The amendment of soil with biochar has attrached attention for two main reasons. Firstly, biochar is an inert form of carbon that is highly
recalcitrant to microbial degradation, particularly when compared against the feedstocks it has been produced from. Hence, carbon, initially taken from the atmosphere to grow the feedstock used for biochar production,
then becomes locked into biochar which is then added to the soil - a form of carbon sequestration.
Additionally, biochar can help improve the fertility of the soils, allowing for enhanced plant growth and resiliance. Biochar can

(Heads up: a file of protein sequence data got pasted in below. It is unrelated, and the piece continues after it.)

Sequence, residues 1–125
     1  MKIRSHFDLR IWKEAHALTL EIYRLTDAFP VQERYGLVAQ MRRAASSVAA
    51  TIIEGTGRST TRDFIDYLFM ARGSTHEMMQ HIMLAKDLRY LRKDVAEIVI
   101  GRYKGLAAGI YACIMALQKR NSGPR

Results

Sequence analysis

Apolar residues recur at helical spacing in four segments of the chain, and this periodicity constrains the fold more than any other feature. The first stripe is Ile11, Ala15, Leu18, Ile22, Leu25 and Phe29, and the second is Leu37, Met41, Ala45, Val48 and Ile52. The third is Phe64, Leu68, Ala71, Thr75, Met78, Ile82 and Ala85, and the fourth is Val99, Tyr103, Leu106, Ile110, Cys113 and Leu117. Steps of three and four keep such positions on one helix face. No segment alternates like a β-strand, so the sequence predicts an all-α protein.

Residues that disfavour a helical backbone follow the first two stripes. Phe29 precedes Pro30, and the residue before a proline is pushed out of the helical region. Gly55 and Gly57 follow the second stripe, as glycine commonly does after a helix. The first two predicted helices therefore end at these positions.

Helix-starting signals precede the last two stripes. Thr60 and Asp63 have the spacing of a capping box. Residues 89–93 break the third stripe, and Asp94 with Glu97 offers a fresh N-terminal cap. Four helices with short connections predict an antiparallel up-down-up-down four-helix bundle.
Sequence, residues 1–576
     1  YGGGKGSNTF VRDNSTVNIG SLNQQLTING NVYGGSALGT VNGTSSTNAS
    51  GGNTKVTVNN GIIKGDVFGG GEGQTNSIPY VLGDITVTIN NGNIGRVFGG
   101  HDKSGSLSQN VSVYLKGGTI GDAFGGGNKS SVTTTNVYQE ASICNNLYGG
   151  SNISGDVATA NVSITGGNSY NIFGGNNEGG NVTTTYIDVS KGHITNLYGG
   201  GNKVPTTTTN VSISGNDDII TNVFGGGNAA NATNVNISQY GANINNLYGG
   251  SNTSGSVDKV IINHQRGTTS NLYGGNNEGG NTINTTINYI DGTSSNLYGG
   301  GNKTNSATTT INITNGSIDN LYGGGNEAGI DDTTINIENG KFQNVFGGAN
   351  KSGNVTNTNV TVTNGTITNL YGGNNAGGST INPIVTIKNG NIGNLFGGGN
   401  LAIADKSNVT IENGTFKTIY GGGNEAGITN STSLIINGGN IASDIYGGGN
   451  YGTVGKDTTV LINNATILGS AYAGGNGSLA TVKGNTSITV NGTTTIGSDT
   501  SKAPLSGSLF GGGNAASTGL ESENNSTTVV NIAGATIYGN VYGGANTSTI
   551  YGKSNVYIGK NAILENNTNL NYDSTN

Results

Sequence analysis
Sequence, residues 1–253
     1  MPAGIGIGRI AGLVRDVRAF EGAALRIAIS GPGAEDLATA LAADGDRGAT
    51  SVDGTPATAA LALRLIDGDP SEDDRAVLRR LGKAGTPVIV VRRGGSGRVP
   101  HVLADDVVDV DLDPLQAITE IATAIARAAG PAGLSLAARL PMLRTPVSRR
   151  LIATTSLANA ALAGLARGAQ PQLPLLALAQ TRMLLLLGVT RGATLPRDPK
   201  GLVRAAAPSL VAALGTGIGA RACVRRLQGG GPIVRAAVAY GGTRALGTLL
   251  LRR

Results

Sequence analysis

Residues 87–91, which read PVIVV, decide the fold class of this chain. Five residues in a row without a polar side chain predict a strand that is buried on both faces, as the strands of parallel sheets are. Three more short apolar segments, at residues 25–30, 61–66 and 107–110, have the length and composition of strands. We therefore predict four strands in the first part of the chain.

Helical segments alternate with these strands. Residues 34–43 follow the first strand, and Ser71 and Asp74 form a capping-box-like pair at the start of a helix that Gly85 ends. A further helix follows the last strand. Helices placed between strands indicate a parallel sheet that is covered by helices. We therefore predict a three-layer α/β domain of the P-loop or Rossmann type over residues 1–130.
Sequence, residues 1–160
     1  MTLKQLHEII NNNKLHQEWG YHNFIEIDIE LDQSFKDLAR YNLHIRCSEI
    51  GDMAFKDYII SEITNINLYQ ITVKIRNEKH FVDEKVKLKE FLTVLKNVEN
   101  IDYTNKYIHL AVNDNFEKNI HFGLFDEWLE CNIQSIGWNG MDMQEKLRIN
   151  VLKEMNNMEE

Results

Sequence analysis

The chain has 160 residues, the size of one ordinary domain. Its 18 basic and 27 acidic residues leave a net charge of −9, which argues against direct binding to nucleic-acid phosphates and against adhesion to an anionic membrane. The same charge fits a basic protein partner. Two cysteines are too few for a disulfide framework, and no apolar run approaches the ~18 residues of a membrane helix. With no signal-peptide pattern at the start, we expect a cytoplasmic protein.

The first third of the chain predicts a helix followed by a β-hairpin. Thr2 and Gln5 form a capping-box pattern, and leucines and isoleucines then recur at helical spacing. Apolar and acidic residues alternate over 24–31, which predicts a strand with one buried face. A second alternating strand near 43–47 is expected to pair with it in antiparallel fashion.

benefit plant growth as a result of several complementary effects including: increasing carbon stocks, increasing nutrient availability, and allowing for an improved environment for Arbuscular mycorrhizal fungi to proliferate.
These fungi exist in a symbiotic relationship with plant roots, allowing for the update of increased amounts of nutrients by the plants.